Nancy Grace Roman Telescope Will do its Own, Wide-Angle Version of the Hubble Deep Field

Remember the Hubble Space Telescope’s Deep Field and Ultra-Deep Field images?

Those images showed everyone that what appears to be a tiny, empty part of the sky contains thousands of galaxies, some dating back to the Universe’s early days. Each of those galaxies can have hundreds of billions of stars. These early galaxies formed only a few hundred million years after the Big Bang. The images inspired awe in the human minds that took the time to understand them. And they’re part of history now.

The upcoming Nancy Grace Roman Space Telescope (NGRST) will capture its own version of those historical images but in wide-angle. To whet our appetites for the NGRST’s image, a group of astrophysicists have created a simulation to show us what it’ll look like.

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The Roman Space Telescope’s Version of the Hubble Deep Field Will Cover a 100x Larger Area of the Sky

Remember the Hubble Deep Field? And its successor the Hubble Ultra Deep Field? We sure do here at Universe Today. How could we forget them?

Well, just as the Hubble Space Telescope has successors, so do two of its most famous images. And those successors will come from one of Hubble’s successors, NASA’s Roman Space Telescope.

Continue reading “The Roman Space Telescope’s Version of the Hubble Deep Field Will Cover a 100x Larger Area of the Sky”

An Amazing Deep-Field View of Centaurus A

Sometimes, you just have to say “Wow!”

The view you’re looking at above is of Centaurus A (NGC 5128), a galaxy about 10-16 million light years distant in the southern hemisphere sky. It’s a favorite of astrophotographers and professional observatories alike.

But what makes this image so special is that it was taken by an amateur astrophotographer.

To construct this amazing image, New Zealand-based astrophotographer Rolf Wahl Olsen exposed the field of view for 120 hours over 43 nights spanning February to May of this year.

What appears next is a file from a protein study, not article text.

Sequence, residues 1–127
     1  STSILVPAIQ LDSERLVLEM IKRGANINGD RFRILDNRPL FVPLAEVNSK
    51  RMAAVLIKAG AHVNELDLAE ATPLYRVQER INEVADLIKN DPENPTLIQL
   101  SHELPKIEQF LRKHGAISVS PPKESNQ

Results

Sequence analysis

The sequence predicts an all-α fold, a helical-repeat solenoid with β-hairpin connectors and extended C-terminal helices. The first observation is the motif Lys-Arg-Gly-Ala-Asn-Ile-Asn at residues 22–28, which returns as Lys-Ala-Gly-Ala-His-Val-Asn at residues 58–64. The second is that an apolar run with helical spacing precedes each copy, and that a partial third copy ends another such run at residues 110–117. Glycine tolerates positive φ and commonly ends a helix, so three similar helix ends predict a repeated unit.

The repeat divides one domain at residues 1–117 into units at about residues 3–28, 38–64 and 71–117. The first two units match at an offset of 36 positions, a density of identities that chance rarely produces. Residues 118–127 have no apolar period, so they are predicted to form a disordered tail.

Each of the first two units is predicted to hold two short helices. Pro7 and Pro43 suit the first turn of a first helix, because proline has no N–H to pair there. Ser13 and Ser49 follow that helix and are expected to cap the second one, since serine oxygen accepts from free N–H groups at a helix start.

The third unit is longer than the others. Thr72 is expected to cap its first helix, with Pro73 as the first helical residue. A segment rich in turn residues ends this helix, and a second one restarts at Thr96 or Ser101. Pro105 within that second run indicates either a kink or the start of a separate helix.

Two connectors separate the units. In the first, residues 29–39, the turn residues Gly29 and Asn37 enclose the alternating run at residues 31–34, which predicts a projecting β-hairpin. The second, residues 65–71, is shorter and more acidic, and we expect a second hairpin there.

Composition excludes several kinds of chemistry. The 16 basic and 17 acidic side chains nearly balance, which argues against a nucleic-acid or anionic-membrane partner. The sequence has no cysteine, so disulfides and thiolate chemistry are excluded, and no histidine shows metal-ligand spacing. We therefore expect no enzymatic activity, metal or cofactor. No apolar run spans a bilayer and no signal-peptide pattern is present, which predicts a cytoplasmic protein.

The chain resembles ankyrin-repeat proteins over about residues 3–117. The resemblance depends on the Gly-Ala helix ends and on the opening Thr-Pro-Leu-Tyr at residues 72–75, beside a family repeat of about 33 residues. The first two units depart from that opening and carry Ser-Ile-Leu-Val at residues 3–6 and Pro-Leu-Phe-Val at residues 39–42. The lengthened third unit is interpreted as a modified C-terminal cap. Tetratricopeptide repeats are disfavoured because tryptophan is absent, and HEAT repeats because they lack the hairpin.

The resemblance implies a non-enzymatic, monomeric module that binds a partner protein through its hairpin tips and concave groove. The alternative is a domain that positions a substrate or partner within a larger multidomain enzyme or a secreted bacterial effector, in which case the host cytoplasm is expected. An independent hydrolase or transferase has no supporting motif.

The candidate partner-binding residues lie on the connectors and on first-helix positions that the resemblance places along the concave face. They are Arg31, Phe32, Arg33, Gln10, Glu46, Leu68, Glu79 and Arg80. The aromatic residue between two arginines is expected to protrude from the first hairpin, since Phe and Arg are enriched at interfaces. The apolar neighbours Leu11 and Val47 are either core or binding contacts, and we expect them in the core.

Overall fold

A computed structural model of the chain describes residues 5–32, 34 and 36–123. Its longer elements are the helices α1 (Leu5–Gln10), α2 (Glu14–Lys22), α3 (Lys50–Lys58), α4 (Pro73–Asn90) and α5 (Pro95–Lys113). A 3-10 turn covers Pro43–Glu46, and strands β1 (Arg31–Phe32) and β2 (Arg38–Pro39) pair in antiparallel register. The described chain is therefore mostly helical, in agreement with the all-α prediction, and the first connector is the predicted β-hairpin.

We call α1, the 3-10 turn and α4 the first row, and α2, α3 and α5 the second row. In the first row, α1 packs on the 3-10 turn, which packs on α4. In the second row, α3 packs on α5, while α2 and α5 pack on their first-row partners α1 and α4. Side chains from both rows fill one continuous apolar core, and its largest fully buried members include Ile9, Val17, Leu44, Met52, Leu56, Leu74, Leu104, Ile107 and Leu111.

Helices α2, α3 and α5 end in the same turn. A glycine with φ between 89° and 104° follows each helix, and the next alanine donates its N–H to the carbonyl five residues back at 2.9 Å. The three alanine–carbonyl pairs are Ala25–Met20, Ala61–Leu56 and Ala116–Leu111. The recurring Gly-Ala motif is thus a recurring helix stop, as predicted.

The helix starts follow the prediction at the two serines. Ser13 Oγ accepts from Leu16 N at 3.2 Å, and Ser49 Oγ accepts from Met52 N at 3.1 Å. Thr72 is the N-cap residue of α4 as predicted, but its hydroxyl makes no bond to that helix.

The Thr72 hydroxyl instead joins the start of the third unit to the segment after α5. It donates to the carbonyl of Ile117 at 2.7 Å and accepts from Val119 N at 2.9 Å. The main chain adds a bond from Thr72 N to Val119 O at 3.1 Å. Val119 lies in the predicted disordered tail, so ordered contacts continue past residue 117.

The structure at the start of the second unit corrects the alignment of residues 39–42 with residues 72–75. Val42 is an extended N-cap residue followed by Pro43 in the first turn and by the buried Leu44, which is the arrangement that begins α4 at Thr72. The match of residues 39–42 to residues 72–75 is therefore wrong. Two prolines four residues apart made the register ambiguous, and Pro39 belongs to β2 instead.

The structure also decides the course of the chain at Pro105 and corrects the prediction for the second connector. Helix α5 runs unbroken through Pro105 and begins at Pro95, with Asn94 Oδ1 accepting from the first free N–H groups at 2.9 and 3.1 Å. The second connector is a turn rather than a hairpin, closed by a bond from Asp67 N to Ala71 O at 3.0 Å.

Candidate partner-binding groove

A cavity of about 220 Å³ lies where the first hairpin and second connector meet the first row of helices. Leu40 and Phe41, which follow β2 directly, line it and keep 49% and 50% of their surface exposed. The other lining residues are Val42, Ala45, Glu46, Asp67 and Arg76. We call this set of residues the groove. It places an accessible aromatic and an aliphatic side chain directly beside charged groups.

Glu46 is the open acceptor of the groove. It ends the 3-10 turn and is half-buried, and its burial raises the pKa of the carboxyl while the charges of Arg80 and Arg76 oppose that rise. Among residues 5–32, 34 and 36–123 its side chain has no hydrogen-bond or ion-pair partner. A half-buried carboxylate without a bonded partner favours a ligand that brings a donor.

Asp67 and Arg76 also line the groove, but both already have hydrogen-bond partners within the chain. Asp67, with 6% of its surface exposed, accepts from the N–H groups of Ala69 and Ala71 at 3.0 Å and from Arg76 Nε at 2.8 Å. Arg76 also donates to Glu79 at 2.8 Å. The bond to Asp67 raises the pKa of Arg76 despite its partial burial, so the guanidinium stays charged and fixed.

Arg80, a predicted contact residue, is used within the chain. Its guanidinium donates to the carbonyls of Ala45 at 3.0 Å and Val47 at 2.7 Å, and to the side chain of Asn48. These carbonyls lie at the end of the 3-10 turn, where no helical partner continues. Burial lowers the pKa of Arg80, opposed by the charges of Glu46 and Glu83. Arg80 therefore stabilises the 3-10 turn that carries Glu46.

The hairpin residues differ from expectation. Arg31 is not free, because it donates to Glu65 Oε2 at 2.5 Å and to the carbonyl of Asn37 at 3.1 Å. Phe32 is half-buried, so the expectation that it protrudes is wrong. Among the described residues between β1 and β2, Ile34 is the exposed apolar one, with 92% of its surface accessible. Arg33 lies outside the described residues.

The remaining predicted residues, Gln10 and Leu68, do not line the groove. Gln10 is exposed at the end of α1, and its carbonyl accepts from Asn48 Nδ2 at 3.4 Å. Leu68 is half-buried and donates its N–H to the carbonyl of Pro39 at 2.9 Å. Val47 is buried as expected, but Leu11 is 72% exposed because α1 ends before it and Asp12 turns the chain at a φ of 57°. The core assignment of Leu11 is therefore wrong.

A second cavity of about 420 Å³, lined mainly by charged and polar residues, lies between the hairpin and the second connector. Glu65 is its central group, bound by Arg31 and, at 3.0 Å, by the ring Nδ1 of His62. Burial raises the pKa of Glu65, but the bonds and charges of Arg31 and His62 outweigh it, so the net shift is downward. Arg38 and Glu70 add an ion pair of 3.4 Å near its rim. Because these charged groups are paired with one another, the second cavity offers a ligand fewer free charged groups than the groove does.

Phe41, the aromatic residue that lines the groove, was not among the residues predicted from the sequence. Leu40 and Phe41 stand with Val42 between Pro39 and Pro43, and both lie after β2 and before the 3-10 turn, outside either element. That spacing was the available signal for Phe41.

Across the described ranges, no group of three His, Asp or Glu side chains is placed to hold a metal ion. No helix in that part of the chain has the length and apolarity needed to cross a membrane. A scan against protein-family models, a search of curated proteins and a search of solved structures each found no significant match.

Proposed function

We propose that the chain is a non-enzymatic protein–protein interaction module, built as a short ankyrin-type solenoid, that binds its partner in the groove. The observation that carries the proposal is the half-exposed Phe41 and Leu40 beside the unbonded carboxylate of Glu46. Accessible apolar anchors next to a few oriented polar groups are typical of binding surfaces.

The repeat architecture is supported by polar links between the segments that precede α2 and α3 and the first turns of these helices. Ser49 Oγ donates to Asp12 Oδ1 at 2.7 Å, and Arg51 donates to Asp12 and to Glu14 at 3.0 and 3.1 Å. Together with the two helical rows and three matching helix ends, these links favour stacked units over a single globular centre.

Rolf recently shared his motivation to construct this image;

“Over the past few months I have been on a mission to achieve a long time dream of mine: taking a deep sky image with more than 100 hours of exposure.”

Rolf also noted that the stars in the frame are visible down to magnitude +25.45, which “appears to go deeper than the recent ESO release” and believes that it may well be “the deepest view ever obtained of Centaurus A,” As well as “the deepest image ever taken with amateur equipment.”

Not only is the beauty and splendor of the galaxy revealed in this stunning mosaic, but you can see the variations in the populations of stars in the massive regions undergoing an outburst of star formation.

One can also see the numerous globular clusters flocking around the galaxy, as well as the optical counterparts to the radio lobes and the faint trace of the relativistic jets. The extended halo of the outer shell of stars is also visible, along with numerous foreground stars visible in the star rich region of Centaurus.

Finally, we see the dusty lane bisecting the core of this massive galaxy as seen from our Earthly vantage point.

To our knowledge, many of these features have never been captured visually by backyard observers before, much less imaged. Congrats to Rolf Wahl Olsen on a spectacular capture and sharing his view of the universe with us!

Read more on the Centaurus A deep field on Google+.

-Check out the comparison images of the Centaurus A deep field showing the relativistic jet (!) background galaxies and clusters.

-Explore more of Rolf’s outstanding work at his website.